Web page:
Earlier this month, the Norman Foster Foundation opened its doors in central Madrid. Inhabiting in an old residential palace, and having undergone extensive renovation works since, the Foundation have also constructed their own contemporary courtyard pavilion. Housing a treasure trove of artefacts from Lord Foster's personal collection, the structure—which is shaped like the wing of an aircraft—also exhibits a newly restored 1927 Avions Voisin C7 originally owned by Le Corbusier.
Latest projects in Spain
Latest news in Spain
Foster + Partners and Juan Cabanelas have unveiled updated designs for the refurbishment and extension of the Ourense FFCC Station in Galicia, Spain. The firm was originally selected as the winners of an international competition for the design in 2011 with an expansive new structure spanning the tracks. The new scheme will instead utilize the existing station building, expanding with a series of columned canopies arranged to create a new urban square and easily-accessible multi-modal hub.
Concéntrico is Logroño’s Architecture and Design Festival. It is open to residents of the city and visitors from elsewhere, and it aims to discover and rediscover spaces of interest in the city’s Historic Center. The Festival invites attendees to tour these spaces through installations that create a connection between inner courtyards, tucked-away spaces and small plazas that, in the day-to-day, tend to go unnoticed.
Norman Foster Foundation Includes Aravena, Ive and Other Leading Names in Their 2017 "Future is Now" Conference
Last month the Norman Foster Foundation, created to promote "interdisciplinary thinking and research to help up-and-coming architects, designers and urbanists to anticipate the future," coincided the opening of its new Madrid-based headquarters with an international conference. Future is Now pulled together a broad collection of professionals—including Sir Jonathan Ive, Marc Newson, Olafur Eliasson, Maya Lin, Alejandro Aravena, and Luis Fernández-Galian—who addressed an audience of 1,800 (including 1,100 students) in the Spanish capital's Royal Theater.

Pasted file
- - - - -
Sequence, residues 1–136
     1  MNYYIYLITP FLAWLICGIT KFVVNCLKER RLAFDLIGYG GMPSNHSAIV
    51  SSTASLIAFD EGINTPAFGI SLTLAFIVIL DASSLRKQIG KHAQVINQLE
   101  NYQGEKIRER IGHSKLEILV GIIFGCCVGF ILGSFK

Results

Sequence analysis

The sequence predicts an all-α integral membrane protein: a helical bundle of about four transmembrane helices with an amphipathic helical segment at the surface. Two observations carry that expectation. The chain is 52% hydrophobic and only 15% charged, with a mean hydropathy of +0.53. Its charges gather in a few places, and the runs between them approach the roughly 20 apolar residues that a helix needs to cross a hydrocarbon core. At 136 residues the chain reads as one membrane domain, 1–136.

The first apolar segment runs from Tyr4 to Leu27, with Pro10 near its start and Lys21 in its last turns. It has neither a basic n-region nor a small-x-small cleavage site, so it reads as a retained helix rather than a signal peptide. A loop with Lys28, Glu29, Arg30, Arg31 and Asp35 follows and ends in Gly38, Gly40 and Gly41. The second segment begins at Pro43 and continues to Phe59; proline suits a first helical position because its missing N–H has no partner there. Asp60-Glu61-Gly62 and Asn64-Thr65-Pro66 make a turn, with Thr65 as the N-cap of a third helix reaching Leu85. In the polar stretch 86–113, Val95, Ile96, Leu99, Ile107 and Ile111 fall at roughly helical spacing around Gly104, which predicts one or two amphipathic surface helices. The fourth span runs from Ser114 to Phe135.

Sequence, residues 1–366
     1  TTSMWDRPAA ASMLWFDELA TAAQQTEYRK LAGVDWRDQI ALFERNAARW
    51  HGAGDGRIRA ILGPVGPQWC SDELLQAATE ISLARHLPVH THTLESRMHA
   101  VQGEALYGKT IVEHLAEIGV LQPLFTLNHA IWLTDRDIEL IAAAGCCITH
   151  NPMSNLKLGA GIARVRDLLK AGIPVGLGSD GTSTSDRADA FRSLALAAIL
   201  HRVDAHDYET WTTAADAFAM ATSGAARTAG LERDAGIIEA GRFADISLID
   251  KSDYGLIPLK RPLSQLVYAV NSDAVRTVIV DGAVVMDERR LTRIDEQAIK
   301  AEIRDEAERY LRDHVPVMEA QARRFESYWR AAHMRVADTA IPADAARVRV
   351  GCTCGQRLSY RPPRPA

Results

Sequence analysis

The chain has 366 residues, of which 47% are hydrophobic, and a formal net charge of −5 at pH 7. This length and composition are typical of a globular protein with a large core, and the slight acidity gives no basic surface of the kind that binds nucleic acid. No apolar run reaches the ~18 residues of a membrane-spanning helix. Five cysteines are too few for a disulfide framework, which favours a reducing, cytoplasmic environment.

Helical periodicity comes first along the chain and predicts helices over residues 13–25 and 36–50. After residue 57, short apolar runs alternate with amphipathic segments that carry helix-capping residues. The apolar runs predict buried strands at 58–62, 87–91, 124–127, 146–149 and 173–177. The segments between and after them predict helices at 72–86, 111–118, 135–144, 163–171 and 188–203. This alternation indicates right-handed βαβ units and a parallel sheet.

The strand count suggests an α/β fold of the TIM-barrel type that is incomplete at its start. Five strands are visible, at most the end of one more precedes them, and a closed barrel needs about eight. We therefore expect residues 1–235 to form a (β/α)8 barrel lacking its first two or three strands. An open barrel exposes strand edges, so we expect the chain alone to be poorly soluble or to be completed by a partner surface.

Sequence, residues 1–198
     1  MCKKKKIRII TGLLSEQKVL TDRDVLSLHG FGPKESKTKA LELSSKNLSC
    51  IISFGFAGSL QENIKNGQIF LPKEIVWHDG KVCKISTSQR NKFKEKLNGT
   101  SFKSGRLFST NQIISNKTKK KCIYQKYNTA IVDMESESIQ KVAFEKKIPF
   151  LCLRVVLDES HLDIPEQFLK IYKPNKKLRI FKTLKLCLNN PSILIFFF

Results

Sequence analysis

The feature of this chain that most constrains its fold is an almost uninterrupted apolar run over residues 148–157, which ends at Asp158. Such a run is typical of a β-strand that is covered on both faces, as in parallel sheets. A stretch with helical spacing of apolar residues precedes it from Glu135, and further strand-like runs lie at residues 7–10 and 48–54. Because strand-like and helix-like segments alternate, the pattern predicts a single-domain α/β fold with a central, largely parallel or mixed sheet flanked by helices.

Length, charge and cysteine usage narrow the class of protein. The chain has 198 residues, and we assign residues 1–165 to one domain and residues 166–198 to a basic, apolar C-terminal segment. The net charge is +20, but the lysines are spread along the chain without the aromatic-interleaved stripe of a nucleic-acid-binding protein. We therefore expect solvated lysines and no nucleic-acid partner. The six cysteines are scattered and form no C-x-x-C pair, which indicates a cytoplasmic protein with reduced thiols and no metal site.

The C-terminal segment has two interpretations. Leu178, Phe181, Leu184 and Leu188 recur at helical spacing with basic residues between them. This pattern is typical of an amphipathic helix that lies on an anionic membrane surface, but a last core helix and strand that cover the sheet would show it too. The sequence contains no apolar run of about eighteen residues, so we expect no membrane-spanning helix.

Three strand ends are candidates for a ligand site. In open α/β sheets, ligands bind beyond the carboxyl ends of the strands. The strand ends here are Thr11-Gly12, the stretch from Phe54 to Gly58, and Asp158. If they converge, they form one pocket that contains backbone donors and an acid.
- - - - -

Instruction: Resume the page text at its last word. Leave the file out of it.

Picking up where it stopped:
Almost one year has passed since the music video release of 'Do It Right' by French artist Martin Solveig. Although deprived of a star-studded tennis match on this occasion, over 15 million viewers have been treated to stunning vistas of The Red Wall, a vibrant fortress of color designed by Ricardo Bofill in Calp, Spain.
Completed in 2015 at the northern periphery of Madrid, the BBVA Headquarters by Herzog & de Meuron employs a complex network of passages, courtyards, and gardens to create a new corporate campus for the Spanish banking giant. Responding to local climatic needs, the building is recognized for its custom undulating brise-soleil along its facade and pebble-like central tower.
In this photoset, photographer Rubén P. Bescós turns his lens toward the new institutional landmark, capturing the building within its urban context.
MArch Valencia originates as a cultural meeting point for professional architects and designers, students and companies with a same set of values; with the aim of bringing together and sharing all different experiences that arise during creative processes.
A nexus between the academical, professional and enterprise worlds, which is vital nowadays.
This different master and postgraduate MArch programs, are directed by Fran Silvestre and feature influential speakers and studios from the current architecture as Alvaro Siza Studio, Souto de Moura Studio, Manuel Aires Mateus Architects, OAB • Ferrater, Juan Domingo Santos and Fran Silvestre Architects.
Barcelona is an amazing city. With its vast amount of cultural offerings, the number of places to visit is almost infinite. If there is one thing that really sets Barcelona apart from other big cities is its architecture. Like in so many other cities, the best way to intimately get know a new place is to simply take a walk through its streets. This is what Barcelona Architecture Walks is all about, a specialized route hitting all the architectural must-see spots of Barcelona.
The object of this architectural restoration is the Church of the Sacred Heart of Jesus, in Vistabella, the work of Catalan architect Josep Maria Jujol (16 September 1879 – 1 May 1949). The original design dates from 1917 with the construction completed in 1923. The building is a magnificent and personal work of Catalan architecture.
The simplicity of the materials used—basically brick, mortar, and stone—contrasts with the spectacular formal richness of the structural solutions: columns, arches, and vaults that generate a complex, rich, and surreal interior space typical of the mysticism of Jujol.
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